Thailand could consider legalizing casinos after next election

  • Tourist hotspot could benefit from change to casino law
  • Decision on casino status expected after elections

Currently in Thailand you cant own more than 120 playing cards without a permit, so a possible change to laws prohibiting casinos in the Southeast Asian country has come as a shock.

The country is set to go to the polls in 2018 for a General Election, with political and economic analysts reporting that the tourist hotspot could benefit from introducing casino resorts and that a newly elected government would have the right to introduce new laws, with a mandate from the people to make changes to benefit the local economy.

Following the death of King Bhumibol Adulyadej last October, the country faces a period of governmental change when it goes to the polls next year: Forbes speculates that without the unifying force of a national figurehead, more modern political interests could start to emerge in Thailand. This would certainly pave the way for legalizing land-based casinos, which advocates say would be beneficial for the Thai economy.

Gambling status in Thailand today

In legal terms, casinos are entirely prohibited throughout Thailand. Race betting and lottery games are permitted, but all other forms of cash gambling fall outside of the law. This has been the case since the Gambling Act of 1935 – which many argue is outdated and does not serve modern Thailand well. The same law also prohibits the ownership of more than 120 playing cards without a permit – bad news for magicians!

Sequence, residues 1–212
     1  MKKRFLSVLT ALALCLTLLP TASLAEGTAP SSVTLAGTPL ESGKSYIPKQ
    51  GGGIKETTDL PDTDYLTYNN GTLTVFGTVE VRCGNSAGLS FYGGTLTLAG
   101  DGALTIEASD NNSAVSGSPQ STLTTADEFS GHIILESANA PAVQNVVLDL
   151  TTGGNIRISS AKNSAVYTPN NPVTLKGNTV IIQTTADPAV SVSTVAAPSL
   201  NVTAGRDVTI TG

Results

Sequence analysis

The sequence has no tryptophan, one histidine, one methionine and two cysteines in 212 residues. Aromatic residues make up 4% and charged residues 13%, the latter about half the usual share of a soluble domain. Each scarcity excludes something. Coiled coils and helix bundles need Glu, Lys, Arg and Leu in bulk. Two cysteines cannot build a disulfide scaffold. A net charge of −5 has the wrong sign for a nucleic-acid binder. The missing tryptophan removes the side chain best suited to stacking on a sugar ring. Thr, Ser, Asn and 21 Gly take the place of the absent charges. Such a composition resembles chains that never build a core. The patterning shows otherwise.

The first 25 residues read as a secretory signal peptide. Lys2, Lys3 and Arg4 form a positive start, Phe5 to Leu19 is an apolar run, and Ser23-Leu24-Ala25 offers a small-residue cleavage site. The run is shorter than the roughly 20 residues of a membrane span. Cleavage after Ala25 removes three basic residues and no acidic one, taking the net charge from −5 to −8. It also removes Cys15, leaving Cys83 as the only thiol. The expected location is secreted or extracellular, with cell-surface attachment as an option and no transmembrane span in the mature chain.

Gambling may be illegal, but there are plenty of venues in the cities which offer an illicit casino service. Underground gaming venues in bars and private homes allow players to indulge their favorite vice, sports betting rings offer illegal books or third-party offshore betting, and some Thai funerals even offer gambling to mourners as a modern custom.

Boosting tourism and economy

Tourism plays a huge role in the Thai economy, representing 17.7% of national GDP in 2016. In the first half of 2017, 14 million people visited the Asian nation. With record numbers of visitors every year, there is serious interest from some of the world’s top casino operators who feel their resorts would attract a strong interest if they were brought to Thailand.

Casino tourism already exists within Singapore, Cambodia and Macau – Thai residents and visitors have demonstrated a clear demand for casino services. If the upcoming election returns a forward-thinking government, Thailand could become the next key target for gaming brands who want a slice of the Asian casino market.

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